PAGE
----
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You could call a teacher assistant “school instructor No. 2,” but that label would shortchange the pivotal role these professionals play in providing much-needed attention and instruction to students. Teachers can’t do it all. As they scribble math formulas and compound sentences onto chalkboards, they might need an aide to float from desk to desk and answer their students’ lingering questions. Teacher assistants also provide what Ruth Cole Burcaw, the former executive director for the North Carolina Association of Teacher Assistants, calls “the warm fuzzies.” “Teachers are focused on lesson planning, test scores, paperwork, and administrative stuff, and the teacher assistants sometimes feel like they have the luxury to love those little kids,” she says. “They make sure those kids have somebody at school who cares about what happens to them.” Teacher assistants might work at childcare centers, but many are employed by public and private schools. Unlike childcare workers, teacher assistants (in private and public school settings) typically don’t attend to young children’s basic needs (like bathing and feeding).
The Bureau of Labor Statistics (BLS) reports that teacher assistants occupied nearly 1.3 million jobs in 2010; about 76 percent of them were employed by elementary and secondary schools, while 9 percent worked for child daycare providers. These workers should see their profession expand 15 percent by 2020—about as fast as the average for all jobs, the BLS also finds. Job growth will coincide with increases in student, childcare, and preschool enrollment.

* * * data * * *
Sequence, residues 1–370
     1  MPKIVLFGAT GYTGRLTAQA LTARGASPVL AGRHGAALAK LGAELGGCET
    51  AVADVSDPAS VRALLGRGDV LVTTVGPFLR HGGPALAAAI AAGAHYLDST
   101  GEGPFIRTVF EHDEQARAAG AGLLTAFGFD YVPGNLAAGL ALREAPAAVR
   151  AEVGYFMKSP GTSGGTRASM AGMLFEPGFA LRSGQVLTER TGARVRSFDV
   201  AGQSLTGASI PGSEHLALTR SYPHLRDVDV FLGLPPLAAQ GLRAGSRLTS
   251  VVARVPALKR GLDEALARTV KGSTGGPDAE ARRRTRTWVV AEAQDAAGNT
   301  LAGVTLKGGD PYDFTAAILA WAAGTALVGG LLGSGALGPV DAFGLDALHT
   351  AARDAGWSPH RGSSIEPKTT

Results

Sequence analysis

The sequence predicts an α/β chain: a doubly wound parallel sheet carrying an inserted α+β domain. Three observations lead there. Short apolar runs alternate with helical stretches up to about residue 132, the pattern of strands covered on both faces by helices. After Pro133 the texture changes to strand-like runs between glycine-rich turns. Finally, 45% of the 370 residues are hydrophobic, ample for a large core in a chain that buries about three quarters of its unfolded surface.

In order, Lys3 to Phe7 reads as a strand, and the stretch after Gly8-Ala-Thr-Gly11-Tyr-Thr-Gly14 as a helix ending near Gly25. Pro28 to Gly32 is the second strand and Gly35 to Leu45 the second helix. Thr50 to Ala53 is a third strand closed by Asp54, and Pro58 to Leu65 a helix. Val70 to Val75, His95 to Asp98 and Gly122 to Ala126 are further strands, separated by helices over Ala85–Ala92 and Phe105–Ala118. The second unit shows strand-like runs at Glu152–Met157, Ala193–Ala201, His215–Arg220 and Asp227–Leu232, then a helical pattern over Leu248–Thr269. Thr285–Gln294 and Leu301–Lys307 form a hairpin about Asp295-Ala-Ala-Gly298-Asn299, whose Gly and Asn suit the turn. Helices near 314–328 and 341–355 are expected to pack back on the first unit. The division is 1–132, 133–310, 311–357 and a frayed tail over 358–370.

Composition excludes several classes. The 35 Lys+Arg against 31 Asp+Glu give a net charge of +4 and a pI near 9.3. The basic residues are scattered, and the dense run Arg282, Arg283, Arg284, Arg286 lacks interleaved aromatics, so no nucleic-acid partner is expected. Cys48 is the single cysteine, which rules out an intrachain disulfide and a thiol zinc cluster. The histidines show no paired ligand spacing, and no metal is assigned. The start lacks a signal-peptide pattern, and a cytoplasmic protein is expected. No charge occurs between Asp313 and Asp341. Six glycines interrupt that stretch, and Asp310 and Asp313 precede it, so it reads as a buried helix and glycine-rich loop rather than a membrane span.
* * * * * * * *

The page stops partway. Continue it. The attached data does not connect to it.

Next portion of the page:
On average, teacher assistants made a meager $23,580 in 2011. The highest earners raked in about $36,560, while the lowest earners brought home $17,090. Colleges, universities, and professional schools compensate teacher assistants best, and the highest earners reside in State College, Penn., Dover, Del., and San Francisco.
After earning a high school diploma or its equivalent, prospective teacher assistants may go on to complete two years of college or earn an associate’s degree. Teacher assistants interested in working with special needs children must pass a skills-based test. Their next step is to train at childcare centers or private or public schools. While there, they usually grasp a basic understanding of various school districts and policies. Extra training can also be attained through different unions or professional associations. Once they land a job, these assistants must start the process of reviewing lesson plans with their supervising teacher and learning the best ways to relay that information to students properly.
Those interested in this profession should cultivate sound communication and instructional skills. Because teacher assistants interact with a diverse mix of teachers, students, parents, and administrators each day, patience and people skills are musts. “They have to be able to relate to a variety of folks, so communication skills, I think, are especially important,” Burcaw adds. “They have to deal with parents as well as principals and administrators.”